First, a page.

Forum for Science, Industry and Business

Sponsored by:     3M 
Search our Site:


An affordable future for eye tracking in sight


An ambitious five-year project will attempt to make eye-tracking technologies more affordable for people with disabilities and extend the potential use of the devices to enable users to live more independently.

The Communication by Gaze Interaction (COGAIN) project will examine current state-of-the-art technologies, develop new software standards to extend the available products and research new applications for the technology based on end-users’ real needs.

"It’s a big project and it’s novel in that it brings together all the interested parties," says Kari-Jouko Räihä, Professor of Computer Science at the Finnish University of Tampere and IST-funded COGAIN project coordinator.

It’s also important. Eye tracking technologies could transform the lives of tens of thousands of people across Europe. The most extreme example of how this technology is used is its ability to give voice to people who are ’locked-in’, people who can only move their eyes and only communicate with their gaze, says Räihä. "But it also has applications for people with Amyotrophic Lateral Sclerosis [ALS], also known as Lou Gehrig’s disease, or Cerebral Palsy, or Multiple Sclerosis [MS]."

Currently state-of-the-art eye tracking equipment is very advanced, with an extremely high spatial and temporal resolution – it can detect tiny movements in millisecond intervals. "The problem is that this equipment is very expensive – about €20,000 for a top-of-the-range system," says Räihä. COGAIN hopes to develop new equipment – in cooperation with manufacturers – that can provide sufficient resolution at a reasonable cost.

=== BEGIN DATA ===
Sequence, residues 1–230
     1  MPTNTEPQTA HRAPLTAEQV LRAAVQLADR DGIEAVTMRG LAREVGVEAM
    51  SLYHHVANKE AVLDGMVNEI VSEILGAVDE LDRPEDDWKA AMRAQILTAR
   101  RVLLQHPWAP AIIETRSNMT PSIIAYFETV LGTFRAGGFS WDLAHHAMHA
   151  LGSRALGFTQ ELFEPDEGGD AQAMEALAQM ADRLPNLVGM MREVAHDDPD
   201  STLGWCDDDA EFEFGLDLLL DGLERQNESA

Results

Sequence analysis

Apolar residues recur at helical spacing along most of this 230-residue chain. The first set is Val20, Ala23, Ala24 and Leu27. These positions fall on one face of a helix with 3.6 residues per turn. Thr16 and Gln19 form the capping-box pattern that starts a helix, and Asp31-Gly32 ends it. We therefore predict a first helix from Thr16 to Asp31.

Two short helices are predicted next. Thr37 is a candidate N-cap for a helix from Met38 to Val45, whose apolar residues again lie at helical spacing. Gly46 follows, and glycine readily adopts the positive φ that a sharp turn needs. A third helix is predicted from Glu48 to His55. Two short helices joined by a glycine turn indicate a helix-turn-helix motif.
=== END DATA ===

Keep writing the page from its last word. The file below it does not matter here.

The basic eye-tracking system consists of a camera, a computer and software to provide an interface between the two. In an expensive system the camera uses an internal light source to create reflections on the eye. The camera tracks these reflections and uses them to move a cursor on the screen, for example.

COGAIN hopes to provide the same functionality, though at a lower performance, using an ordinary Web cam and ambient light.

But the project plans to do more. Currently eye-tracking systems are tied to proprietary software, which means that every new application must be written for a particular piece of controlling software. COGAIN wants to create standard control software so applications can be developed by anybody.

This is a key development. One of COGAIN’s aims is to develop new applications. This could include new types of text entry. "Currently most text entry is done using a ’soft keyboard’. Essentially it’s a picture of a keyboard and users move the cursor along until they find the right letter," says Räihä.

But another system developed by one project partner, the University of Cambridge, uses a type of predictive text, where letters move across the screen and users fix their gaze on the letters they want. "It’s an unusual system, and it takes a little training to get used to it, but users can enter text at 20 words a minute once they become familiar with the system. That’s very fast," says Räihä.

He adds that the application is hard to imagine if you don’t see it in action. "But think of all the other potential applications for this technology that we just haven’t thought about, or imagined yet. The potential is enormous and COGAIN aims to develop that."

The project’s partners already have some ideas. Software that could control heating and lighting through eye-tracking technology and a PC is one possible application. "We currently have a specialist group within the project looking at environmental controls," says Räihä. He adds that they are also examining the potential for controlling a wheelchair through eye-movements. This could change lives, for the better.

The project began in September 2004 and the team spent the first year establishing the current state of the market and creating links between all the different stakeholders. "So far we’ve held several meetings to build up networking between the various partners in the consortium,” says Räihä. “We’ve also held our first COGAIN camp, which brought researchers and manufacturers into contact with end-users. It was a very interesting meeting and the researchers gained a new respect and understanding for the needs of people with disabilities."